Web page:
Hold My Drink: How to Make the Best Wedding Reception Dance Playlist
Think back to some of the best times you’ve had at weddings, and I’ll bet many of them were “hold my drink” situations during the reception. You know the ones—you hear that song start and, suddenly, makeup and blowout be damned, the dance floor becomes your stage.
“Those three-minute connections are some of the most memorable moments from a wedding,” says Shanon Cook, a Spotify Trends expert, former entertainment correspondent for CNN, and longtime music journalist. Cook recently got married herself, so we decided to capitalize on her musical expertise and recent personal experience by having her curate the ultimate wedding-reception playlist.
Now while this baby had me making full use of the wheels on my rolly chair, the Spotify team and I also recognize this isn’t a one-set-fits-all solution. Every couple’s wedding-day soundtrack will, and should, be different. There are over 3.5 million wedding-related playlists on Spotify. And that’s the benefit of premeditated tunes: They’re a thrifty substitute for a DJ or band, and they’re personalized—all the way down to that obscure remix that forever cemented the friendship between you and your maid of honor.
Thus, in addition to jukeboxing, I asked Cook to give us guidance on how to choose your inclusions and get people movin’! (Remember—research says your attendees are likely way stoked to dance.)
“You really have to think about your guests,” she says. “At a wedding, you have a very broad list—from your grandparents to guests as young as two. You have to think about music that is not only appropriate for that varied audience but also that they’re going to like and get into. That’s very difficult to achieve.”
But don’t fret your set yet! She’s going to get you there with just five tips:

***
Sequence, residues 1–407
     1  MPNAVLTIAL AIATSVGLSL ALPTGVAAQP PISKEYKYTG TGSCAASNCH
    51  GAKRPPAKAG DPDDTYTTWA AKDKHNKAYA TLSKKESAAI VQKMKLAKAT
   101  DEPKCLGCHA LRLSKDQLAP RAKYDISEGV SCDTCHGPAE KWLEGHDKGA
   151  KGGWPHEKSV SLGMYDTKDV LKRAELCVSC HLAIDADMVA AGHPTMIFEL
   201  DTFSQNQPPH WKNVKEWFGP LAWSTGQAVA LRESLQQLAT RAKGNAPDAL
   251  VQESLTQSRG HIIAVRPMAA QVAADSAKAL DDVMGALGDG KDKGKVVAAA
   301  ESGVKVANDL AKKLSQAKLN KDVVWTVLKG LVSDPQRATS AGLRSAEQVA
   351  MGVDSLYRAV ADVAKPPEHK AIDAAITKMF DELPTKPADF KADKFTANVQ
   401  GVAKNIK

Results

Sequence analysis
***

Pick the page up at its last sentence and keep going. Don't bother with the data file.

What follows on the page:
1. Recognize Sometimes It Is a Popularity Contest
For your first selections, let’s throw back to high school by looking at the superlatives and then judging the hell out of them. (Kidding.) Remember when Spotify figured out which songs were most often added to users’ wedding playlists? What is it about these that make them such great additions?
Check out the top 10 again:
- “Thinking Out Loud,” by Ed Sheeran
- “Marry You,” by Bruno Mars
- “All of Me,” by John Legend
- “Uptown Funk,” by Mark Ronson, featuring Bruno Mars
- “I Wanna Dance with Somebody (Who Loves Me),” by Whitney Houston
- “Don’t Stop Believin’,” by Journey
- “Crazy in Love,” by Beyoncé, featuring Jay Z
- “A Thousand Years,” by Christina Perri
- “I’m Yours,” by Jason Mraz
- “Hey Ya!” by OutKast
“Nothing in this list surprises me,” says Cook. “You’ve got representation of up-tempo fun songs with ‘Hey Ya!’ and ‘Uptown Funk.’ Some of these songs are very romantic with an appropriate message for a wedding like ‘I’m Yours’ or ‘Marry You.’ Then you’ve got John Legend’s song ‘All of Me’ that’s been popular since its release because Legend wrote that song about his fiancé, Chrissy Teigen, and it’s all about how much he adores her. What bride wouldn’t like to echo that sentiment at her wedding?” For our playlist, Cook found this remix with a sick dance beat that doesn’t detract from the song’s emotional quality.
Even if you feel like some songs, such as Pharrell’s “Happy” or JT’s “Can’t Stop the Feeling,” are overplayed on the radio, they can take on new life at a wedding. “They’re still great additions because most of your guests will have heard them and they’re such feel-good tracks,” says Cook. “They encourage your guests to move or sing, and they’re also great for younger kids.”